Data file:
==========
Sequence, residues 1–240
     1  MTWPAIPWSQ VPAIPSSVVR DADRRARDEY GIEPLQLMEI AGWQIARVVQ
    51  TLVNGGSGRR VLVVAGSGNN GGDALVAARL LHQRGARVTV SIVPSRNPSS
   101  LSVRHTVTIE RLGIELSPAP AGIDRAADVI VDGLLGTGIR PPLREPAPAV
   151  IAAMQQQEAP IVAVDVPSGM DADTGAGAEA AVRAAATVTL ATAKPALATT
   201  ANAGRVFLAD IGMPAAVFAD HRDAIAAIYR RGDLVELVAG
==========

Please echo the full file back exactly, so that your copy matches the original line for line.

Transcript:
Sequence, residues 1–240
     1  MTWPAIPWSQ VPAIPSSVVR DADRRARDEY GIEPLQLMEI AGWQIARVVQ
    51  TLVNGGSGRR VLVVAGSGNN GGDALVAARL LHQRGARVTV SIVPSRNPSS
   101  LSVRHTVTIE RLGIELSPAP AGIDRAADVI VDGLLGTGIR PPLREPAPAV
   151  IAAMQQQEAP IVAVDVPSGM DADTGAGAEA AVRAAATVTL ATAKPALATT
   201  ANAGRVFLAD IGMPAAVFAD HRDAIAAIYR RGDLVELVAG